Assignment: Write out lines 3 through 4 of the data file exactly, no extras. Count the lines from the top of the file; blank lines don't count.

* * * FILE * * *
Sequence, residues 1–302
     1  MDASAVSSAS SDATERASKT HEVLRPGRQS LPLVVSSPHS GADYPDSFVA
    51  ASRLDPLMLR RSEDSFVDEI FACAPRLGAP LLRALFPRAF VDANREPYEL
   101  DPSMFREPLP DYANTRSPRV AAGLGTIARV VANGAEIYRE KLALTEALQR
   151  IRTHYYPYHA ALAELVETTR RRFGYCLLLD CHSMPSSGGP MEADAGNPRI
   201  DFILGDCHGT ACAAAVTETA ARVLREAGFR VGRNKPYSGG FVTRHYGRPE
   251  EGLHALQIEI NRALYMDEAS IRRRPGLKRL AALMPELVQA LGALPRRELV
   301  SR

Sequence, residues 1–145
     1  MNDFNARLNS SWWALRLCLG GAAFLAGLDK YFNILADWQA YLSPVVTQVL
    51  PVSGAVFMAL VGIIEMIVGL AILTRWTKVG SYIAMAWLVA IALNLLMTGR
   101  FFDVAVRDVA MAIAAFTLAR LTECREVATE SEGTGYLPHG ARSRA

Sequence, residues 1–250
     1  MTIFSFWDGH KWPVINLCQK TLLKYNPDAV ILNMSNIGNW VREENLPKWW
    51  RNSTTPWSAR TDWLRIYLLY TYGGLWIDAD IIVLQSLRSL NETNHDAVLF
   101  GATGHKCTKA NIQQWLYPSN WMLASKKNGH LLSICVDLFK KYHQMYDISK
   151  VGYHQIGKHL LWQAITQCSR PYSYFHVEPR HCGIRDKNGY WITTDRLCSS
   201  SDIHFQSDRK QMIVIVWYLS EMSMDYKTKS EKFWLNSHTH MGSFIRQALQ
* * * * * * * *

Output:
    51  ASRLDPLMLR RSEDSFVDEI FACAPRLGAP LLRALFPRAF VDANREPYEL
   101  DPSMFREPLP DYANTRSPRV AAGLGTIARV VANGAEIYRE KLALTEALQR